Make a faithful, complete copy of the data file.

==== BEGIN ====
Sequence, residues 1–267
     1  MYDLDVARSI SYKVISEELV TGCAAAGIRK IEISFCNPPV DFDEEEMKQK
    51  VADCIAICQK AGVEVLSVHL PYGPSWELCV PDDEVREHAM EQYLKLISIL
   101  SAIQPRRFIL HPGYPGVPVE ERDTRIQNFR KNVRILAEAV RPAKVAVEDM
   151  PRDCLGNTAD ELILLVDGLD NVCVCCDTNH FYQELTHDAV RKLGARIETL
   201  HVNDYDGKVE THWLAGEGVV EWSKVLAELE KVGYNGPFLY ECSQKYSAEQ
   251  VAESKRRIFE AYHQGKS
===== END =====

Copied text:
Sequence, residues 1–267
     1  MYDLDVARSI SYKVISEELV TGCAAAGIRK IEISFCNPPV DFDEEEMKQK
    51  VADCIAICQK AGVEVLSVHL PYGPSWELCV PDDEVREHAM EQYLKLISIL
   101  SAIQPRRFIL HPGYPGVPVE ERDTRIQNFR KNVRILAEAV RPAKVAVEDM
   151  PRDCLGNTAD ELILLVDGLD NVCVCCDTNH FYQELTHDAV RKLGARIETL
   201  HVNDYDGKVE THWLAGEGVV EWSKVLAELE KVGYNGPFLY ECSQKYSAEQ
   251  VAESKRRIFE AYHQGKS